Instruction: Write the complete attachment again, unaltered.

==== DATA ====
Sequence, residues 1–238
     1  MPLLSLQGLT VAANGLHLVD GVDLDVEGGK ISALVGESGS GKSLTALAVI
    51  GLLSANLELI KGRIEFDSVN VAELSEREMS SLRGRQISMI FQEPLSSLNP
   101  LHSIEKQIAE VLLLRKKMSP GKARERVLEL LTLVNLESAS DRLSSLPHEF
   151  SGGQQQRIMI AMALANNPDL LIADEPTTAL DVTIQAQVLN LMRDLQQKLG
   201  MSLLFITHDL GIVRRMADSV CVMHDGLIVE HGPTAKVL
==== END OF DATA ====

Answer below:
Sequence, residues 1–238
     1  MPLLSLQGLT VAANGLHLVD GVDLDVEGGK ISALVGESGS GKSLTALAVI
    51  GLLSANLELI KGRIEFDSVN VAELSEREMS SLRGRQISMI FQEPLSSLNP
   101  LHSIEKQIAE VLLLRKKMSP GKARERVLEL LTLVNLESAS DRLSSLPHEF
   151  SGGQQQRIMI AMALANNPDL LIADEPTTAL DVTIQAQVLN LMRDLQQKLG
   201  MSLLFITHDL GIVRRMADSV CVMHDGLIVE HGPTAKVL